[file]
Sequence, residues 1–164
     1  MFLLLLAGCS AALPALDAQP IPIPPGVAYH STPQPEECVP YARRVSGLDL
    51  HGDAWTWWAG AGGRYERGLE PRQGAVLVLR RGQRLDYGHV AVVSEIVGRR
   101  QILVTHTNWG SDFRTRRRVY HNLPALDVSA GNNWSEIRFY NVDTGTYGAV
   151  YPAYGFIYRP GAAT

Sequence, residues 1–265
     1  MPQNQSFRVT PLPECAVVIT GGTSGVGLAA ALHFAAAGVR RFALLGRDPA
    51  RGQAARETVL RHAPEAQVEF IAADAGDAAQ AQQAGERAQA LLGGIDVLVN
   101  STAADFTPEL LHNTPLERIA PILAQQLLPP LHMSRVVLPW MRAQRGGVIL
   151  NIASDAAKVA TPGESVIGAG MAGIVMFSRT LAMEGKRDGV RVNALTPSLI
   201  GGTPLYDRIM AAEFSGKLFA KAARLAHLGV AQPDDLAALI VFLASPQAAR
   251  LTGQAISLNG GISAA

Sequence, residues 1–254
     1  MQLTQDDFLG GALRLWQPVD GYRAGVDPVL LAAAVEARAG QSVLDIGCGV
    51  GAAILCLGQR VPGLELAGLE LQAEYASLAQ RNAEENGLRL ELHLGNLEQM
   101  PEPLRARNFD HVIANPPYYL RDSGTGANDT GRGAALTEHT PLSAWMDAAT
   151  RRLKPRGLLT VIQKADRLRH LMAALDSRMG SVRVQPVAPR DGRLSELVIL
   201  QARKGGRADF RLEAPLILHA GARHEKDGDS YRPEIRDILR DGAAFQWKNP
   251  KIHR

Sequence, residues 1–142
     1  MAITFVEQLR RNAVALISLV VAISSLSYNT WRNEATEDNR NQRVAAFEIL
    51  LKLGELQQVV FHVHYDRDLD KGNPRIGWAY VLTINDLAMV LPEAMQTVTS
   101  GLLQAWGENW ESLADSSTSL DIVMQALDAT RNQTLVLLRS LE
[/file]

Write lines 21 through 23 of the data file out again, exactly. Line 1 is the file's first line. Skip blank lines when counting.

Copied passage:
     1  MAITFVEQLR RNAVALISLV VAISSLSYNT WRNEATEDNR NQRVAAFEIL
    51  LKLGELQQVV FHVHYDRDLD KGNPRIGWAY VLTINDLAMV LPEAMQTVTS
   101  GLLQAWGENW ESLADSSTSL DIVMQALDAT RNQTLVLLRS LE